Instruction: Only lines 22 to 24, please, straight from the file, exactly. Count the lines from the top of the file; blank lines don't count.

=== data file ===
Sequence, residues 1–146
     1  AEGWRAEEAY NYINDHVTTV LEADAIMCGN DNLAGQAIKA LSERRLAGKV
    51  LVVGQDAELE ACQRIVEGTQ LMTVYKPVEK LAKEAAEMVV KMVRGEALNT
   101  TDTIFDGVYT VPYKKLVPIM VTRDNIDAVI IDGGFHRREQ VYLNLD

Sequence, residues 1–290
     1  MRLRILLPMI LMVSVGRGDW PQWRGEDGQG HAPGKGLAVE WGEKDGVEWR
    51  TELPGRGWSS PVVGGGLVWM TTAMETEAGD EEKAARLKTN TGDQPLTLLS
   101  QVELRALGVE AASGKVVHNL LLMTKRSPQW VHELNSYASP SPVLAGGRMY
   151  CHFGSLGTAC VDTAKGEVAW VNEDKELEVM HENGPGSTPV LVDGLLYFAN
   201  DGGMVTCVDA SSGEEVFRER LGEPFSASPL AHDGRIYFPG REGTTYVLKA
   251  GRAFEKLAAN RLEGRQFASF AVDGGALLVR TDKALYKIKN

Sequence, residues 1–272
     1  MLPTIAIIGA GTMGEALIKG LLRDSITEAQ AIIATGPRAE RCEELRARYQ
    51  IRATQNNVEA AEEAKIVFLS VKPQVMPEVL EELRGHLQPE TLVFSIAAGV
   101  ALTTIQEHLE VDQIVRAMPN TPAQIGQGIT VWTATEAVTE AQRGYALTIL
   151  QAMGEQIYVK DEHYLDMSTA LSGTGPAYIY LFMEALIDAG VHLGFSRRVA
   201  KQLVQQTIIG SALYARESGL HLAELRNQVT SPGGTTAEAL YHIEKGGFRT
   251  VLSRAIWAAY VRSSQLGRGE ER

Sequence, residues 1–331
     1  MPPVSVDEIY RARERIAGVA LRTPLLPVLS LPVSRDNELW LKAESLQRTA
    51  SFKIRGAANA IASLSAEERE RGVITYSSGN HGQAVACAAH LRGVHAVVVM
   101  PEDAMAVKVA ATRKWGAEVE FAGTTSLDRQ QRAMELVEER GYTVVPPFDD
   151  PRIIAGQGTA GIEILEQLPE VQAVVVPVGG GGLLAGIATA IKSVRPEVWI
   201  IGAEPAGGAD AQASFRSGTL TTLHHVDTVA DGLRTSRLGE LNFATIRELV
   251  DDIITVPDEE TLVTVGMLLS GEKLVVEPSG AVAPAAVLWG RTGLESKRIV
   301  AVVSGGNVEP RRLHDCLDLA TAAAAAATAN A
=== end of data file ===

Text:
   101  PEDAMAVKVA ATRKWGAEVE FAGTTSLDRQ QRAMELVEER GYTVVPPFDD
   151  PRIIAGQGTA GIEILEQLPE VQAVVVPVGG GGLLAGIATA IKSVRPEVWI
   201  IGAEPAGGAD AQASFRSGTL TTLHHVDTVA DGLRTSRLGE LNFATIRELV